But educators and the UCLA study have found that along with the increased responsibilities can come isolation and pain. Some of the children readily admit to feeling sad and left out.

Don Cooke, a vice principal at Arcadia High School, sees "a terrible problem. The kids we run into are very lonely, almost to a state of depression. They have no love or warmth in their lives."

Living alone is a trial by fire that usually leads to one of two things, Mr. Cooke said.

"They either overcome their situations and become very successful, or they turn to another peer group for acceptance, and that's often Wah Ching or Red Door," he said, ticking off the names of two Asian gangs.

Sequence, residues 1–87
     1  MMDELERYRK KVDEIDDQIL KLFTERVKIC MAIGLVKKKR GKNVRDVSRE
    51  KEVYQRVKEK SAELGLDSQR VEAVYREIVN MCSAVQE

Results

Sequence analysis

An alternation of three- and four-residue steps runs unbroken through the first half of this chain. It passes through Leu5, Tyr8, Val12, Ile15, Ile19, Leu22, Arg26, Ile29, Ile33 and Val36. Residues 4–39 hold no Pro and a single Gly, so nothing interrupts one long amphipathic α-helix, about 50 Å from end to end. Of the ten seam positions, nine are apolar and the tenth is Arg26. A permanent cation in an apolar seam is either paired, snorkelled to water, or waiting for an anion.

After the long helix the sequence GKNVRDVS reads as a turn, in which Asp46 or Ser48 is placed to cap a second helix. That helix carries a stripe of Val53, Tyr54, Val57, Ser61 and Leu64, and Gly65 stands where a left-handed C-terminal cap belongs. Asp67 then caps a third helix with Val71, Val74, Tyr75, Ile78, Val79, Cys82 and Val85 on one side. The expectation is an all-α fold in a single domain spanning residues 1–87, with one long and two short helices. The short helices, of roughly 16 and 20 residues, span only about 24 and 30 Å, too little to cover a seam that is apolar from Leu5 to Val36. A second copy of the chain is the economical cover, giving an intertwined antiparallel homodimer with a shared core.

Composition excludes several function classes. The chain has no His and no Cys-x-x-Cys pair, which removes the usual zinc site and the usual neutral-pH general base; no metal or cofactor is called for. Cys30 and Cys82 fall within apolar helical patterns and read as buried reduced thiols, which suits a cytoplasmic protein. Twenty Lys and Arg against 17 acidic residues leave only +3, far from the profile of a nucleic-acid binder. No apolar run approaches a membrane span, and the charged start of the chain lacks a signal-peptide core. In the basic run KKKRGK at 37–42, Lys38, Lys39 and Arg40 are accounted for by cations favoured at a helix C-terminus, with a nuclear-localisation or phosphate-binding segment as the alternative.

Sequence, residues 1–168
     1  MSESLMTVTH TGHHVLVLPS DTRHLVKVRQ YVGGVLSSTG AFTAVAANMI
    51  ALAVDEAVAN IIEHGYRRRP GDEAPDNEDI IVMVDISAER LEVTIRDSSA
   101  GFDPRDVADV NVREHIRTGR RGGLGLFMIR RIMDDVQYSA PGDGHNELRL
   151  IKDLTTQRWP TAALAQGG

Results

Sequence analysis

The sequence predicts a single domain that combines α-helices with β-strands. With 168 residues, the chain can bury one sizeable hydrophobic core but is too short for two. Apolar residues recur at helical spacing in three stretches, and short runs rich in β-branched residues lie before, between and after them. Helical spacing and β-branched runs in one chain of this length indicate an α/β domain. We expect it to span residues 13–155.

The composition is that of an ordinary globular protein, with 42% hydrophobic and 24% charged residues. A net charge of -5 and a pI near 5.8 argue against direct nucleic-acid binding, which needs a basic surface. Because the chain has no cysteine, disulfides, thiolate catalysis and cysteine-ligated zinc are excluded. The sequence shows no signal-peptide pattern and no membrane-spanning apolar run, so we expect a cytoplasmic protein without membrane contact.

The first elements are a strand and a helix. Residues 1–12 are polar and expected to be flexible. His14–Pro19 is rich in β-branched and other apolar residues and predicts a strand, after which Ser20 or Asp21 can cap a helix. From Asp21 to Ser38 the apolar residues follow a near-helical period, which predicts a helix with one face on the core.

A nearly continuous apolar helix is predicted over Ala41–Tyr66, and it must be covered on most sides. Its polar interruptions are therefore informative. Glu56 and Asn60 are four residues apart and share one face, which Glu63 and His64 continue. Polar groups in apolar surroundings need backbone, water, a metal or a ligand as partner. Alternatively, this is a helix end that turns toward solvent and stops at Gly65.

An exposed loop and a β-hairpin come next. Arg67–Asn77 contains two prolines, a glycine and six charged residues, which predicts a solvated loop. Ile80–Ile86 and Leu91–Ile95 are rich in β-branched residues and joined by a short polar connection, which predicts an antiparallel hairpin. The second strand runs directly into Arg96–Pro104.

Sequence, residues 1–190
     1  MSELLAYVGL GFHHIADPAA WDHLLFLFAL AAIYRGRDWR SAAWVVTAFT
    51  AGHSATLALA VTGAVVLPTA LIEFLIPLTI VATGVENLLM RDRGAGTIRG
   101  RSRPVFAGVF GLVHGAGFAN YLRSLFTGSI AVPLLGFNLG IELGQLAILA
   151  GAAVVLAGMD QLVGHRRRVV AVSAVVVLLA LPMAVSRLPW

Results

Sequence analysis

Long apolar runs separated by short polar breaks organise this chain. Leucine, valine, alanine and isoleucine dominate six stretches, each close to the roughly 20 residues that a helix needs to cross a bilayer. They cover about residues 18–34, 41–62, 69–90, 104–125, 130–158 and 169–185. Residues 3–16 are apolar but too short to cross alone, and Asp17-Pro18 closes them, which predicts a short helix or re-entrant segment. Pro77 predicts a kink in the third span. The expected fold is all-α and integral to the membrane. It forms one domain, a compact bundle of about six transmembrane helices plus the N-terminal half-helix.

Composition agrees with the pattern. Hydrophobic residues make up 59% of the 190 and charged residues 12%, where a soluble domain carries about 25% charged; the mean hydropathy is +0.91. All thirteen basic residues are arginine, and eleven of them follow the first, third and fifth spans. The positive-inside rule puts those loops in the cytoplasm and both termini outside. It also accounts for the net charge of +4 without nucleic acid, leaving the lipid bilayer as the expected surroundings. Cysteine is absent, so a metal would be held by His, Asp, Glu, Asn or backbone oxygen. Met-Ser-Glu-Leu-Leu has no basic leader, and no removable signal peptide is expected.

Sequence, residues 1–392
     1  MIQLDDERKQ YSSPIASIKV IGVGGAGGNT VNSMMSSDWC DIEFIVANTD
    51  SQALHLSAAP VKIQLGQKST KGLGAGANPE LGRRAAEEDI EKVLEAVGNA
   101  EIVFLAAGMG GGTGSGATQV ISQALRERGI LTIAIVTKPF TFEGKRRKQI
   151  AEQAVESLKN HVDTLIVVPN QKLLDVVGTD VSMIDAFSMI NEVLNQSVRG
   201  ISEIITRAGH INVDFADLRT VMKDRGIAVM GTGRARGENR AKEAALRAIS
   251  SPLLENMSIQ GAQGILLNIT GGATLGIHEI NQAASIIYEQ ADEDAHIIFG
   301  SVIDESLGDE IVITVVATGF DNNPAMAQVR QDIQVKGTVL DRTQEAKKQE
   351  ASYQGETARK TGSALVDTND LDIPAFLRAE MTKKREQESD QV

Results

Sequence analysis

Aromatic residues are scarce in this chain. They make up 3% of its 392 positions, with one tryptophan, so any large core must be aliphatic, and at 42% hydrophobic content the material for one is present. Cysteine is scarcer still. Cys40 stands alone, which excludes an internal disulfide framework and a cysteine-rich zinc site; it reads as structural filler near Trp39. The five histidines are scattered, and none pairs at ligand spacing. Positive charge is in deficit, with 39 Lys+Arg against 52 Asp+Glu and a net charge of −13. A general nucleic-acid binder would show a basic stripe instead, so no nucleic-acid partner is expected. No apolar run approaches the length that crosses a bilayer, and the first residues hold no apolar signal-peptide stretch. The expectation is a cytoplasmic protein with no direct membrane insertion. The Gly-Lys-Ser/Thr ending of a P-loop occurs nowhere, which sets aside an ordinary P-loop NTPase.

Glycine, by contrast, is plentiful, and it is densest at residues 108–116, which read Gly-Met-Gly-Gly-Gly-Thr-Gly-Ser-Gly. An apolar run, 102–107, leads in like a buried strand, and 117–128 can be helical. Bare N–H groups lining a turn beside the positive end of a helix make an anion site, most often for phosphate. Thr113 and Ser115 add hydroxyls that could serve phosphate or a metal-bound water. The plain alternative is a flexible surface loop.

Three of 11 Arcadia High students arrested in February on suspicion of extorting protection money from younger children were parachute kids, police said. The youths, who have been linked to an Asian organized crime ring, partied and crashed at rTC the home of a 15-year-old alleged gang member whose parents in Taiwan bought him a condo near school.


Strictly speaking, parachute arrangements are illegal. Under the terms of their immigration papers, minors must live with parents or legal guardians, often extended family, or they could be deported.

As a result, no one knows the actual number of youngsters involved. And although they acknowledge the existence of the parachute trend, most people are reluctant to talk about it on the record. All attempts to get parents' comments for this story failed. Even though they knew they might be recognized from other details, students interviewed wanted their names changed. "My Dad would kill me if he even knew I was talking to you," Craig said.